I don't ride in Manhattan but that's probably what I would do as well. Traffic often doesn't go much over 25 mph for much of the day, so my MO would be to take a lane, draft a truck or bus and cruise at 25 to 30 mph. I have already done this on Union Turnpike during peak times. It's a little stressful but probably less stressful than dealing with mixing zones. You're also cruising at the speed of the green wave on the avenues when you're in the 25 to 30 mph band, which is another huge plus.

    Of course, that's hardly a recipe for 8 to 80 infrastructure but neither are the mixing zones.

  • http://facebook.com/FerdinandCesarano Ferdinand Cesarano

    Navigating the City by bike with no bike lanes was no problem in Queens. It was a huge problem in Manhattan. Bike lanes tamed Manhattan. As we push for improvements, we should never forget the fundamental transformation that bike lanes have brought to Manhattan (above all other places).

    Talk about about bollarding off cross-streets is pure fantasy. Fantasising is just great (as my imaginary co-wives Charlene Tilton and Iris Chacon would no doubt agree); but there is no way to get support for such a plan. The legislator who would ever sponsor such a thing hasn't been born. If we had a political landscape in which bollarding off Manhattan cross-streets would even be considered, we'd be well on our way to many other great policies, such as congestion pricing or even the outright banning of private autos in much of Manhattan.

    Alas, that's not the world we have. The world we have is one in which we have yet to figure out a way to make the police enforce the existing laws on drivers, with the result that every driver knows that the chance of getting caught breaking the law is near zero, and that the punishment if caught is trivial. If we could get some statements on this problems by Council Members (the mayor has proven to be hopeless), then we'd be making some progress.

  • Joe R.

    Well, I do recall from my brief stint as a bike messenger in 1981 that Manhattan left a lot to be desired in terms of riding even compared to Queens at the time. I had to have my head on a swivel lest a taxi came cutting across four lanes, then stopped dead in front of me, to pick up a passenger. I quit my nascent summer job as a messenger before the summer was out. I figured with what I had to deal with daily, it was only a matter of time before I ended up as a hood ornament. The money wasn't that great, either.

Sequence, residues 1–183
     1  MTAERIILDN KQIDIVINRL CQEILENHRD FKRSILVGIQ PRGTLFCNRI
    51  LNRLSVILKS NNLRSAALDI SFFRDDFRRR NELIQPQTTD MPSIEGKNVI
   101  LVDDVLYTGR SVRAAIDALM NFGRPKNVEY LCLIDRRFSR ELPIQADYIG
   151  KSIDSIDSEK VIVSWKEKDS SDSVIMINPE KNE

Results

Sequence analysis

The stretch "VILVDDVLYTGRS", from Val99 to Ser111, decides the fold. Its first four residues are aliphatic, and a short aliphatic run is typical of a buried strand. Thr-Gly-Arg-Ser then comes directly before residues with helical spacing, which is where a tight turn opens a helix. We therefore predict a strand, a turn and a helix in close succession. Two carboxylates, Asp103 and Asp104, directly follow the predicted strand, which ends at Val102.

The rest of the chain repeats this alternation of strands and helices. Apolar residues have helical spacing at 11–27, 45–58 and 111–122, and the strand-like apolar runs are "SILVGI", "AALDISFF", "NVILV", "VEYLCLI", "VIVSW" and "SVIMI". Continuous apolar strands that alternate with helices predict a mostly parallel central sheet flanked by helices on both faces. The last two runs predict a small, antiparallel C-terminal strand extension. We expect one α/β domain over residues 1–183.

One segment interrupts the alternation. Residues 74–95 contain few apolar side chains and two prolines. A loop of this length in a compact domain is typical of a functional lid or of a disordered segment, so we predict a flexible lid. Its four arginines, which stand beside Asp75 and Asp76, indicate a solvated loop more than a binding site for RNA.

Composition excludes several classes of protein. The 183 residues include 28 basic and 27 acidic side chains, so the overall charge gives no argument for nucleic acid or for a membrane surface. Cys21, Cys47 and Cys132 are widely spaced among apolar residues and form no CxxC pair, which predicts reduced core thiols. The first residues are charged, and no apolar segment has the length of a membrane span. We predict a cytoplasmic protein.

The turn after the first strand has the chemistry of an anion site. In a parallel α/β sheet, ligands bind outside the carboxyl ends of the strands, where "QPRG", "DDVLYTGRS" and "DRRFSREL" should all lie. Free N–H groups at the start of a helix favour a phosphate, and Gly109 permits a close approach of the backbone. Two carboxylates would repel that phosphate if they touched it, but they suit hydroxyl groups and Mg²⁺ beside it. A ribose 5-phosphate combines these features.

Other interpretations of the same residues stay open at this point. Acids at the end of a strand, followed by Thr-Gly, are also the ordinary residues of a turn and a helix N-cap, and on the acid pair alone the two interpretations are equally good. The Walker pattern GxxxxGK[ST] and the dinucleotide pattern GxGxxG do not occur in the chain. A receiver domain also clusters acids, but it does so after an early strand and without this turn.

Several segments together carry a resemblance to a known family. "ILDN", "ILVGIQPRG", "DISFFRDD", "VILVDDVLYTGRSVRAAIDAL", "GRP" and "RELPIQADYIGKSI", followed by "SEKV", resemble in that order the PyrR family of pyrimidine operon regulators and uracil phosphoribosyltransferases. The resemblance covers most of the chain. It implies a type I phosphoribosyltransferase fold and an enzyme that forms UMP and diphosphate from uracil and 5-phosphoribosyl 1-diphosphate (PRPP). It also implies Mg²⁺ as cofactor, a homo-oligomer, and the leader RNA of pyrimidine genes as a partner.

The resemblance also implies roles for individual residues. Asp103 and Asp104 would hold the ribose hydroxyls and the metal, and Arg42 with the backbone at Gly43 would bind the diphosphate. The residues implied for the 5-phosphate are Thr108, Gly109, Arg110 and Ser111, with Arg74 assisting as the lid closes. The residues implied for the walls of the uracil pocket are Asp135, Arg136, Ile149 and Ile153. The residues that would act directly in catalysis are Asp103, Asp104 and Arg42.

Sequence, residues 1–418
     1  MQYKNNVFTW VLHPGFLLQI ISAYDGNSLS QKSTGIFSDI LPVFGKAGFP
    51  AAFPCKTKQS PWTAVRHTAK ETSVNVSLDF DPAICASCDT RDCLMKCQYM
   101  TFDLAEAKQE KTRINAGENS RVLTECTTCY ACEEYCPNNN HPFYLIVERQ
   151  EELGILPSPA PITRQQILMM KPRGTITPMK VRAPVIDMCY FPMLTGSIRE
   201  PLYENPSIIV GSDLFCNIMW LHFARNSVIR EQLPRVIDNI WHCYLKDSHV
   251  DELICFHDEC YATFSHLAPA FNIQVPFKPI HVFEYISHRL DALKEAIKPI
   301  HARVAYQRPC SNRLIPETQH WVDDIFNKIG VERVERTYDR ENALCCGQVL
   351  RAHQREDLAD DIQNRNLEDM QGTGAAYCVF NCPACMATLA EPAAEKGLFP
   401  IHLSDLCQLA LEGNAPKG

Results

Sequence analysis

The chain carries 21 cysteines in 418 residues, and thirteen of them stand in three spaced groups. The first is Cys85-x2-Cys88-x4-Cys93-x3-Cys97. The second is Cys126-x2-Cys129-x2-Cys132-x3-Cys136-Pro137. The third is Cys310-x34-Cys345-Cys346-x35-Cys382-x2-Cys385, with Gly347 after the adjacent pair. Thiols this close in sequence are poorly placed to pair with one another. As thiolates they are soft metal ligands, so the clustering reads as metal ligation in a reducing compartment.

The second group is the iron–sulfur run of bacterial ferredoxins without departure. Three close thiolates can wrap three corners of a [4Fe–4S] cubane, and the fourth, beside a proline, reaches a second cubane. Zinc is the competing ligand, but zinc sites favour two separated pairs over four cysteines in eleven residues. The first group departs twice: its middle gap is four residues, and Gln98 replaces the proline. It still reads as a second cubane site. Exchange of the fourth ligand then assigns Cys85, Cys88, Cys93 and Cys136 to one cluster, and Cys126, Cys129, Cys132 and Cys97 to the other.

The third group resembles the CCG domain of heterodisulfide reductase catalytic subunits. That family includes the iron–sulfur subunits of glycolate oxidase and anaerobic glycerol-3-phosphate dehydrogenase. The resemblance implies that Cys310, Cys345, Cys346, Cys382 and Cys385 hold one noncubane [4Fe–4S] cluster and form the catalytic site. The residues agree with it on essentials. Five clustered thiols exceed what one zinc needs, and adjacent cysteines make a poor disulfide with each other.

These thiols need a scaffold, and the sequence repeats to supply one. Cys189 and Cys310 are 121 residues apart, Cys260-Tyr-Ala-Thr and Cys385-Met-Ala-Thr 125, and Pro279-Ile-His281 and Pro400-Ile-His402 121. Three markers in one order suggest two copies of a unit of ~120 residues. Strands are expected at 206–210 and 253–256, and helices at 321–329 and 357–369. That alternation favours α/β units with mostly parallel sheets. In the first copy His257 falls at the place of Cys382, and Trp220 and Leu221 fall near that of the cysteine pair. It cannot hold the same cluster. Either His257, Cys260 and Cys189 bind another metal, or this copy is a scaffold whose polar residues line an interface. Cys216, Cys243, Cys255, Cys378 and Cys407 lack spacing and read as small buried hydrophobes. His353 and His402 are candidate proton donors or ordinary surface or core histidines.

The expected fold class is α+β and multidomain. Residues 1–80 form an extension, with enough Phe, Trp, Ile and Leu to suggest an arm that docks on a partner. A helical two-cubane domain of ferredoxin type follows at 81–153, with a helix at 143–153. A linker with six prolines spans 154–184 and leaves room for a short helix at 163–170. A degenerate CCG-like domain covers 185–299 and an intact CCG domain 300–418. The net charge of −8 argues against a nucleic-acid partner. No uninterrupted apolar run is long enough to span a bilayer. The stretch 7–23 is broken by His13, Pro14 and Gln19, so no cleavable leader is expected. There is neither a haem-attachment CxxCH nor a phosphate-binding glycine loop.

I don't doubt the bike lanes make riding in Manhattan transformative despite the obvious flaws. It's just a pity there's not the political will to do more.

    The legislator who would ever sponsor such a thing hasn't been born.

    I think we need a seminal event like some very important person's kid getting killed on the streets to turn the tide. For decades we've just accepted traffic violence as the cost of doing business. That's gradually changing but not fast enough. If not for needing to take care of my mother I might run for mayor if I thought I even had a chance of getting in, but obviously I wouldn't have a shot. That said, there are doubtless legislators who would support some or all of the things you mentioned, but won't do so publicly until they're sure a majority of their constituents favor them. So in the end it's about winning the hearts and minds of the general public. We need a lot more events where we close off streets to cars to show the public how nice NYC could be if we took the next logical steps.

  • walks bikes drives

    I travel at 20-25 mph up and down the avenues, so I feel pretty comfortable taking the lane. A PBL, to me, is better suited to someone riding 10mph, based on the mixing zone design.

  • http://www.streetfilms.org/ Clarence Eckerson Jr.

    It is the man, the legend!

  • vnm

    OMG, this is a video on a ride that has become my usual exercise routine! I've done this ride a zillion times and it is awesome. Close the loop via Flushing Avenue to make it a full loop.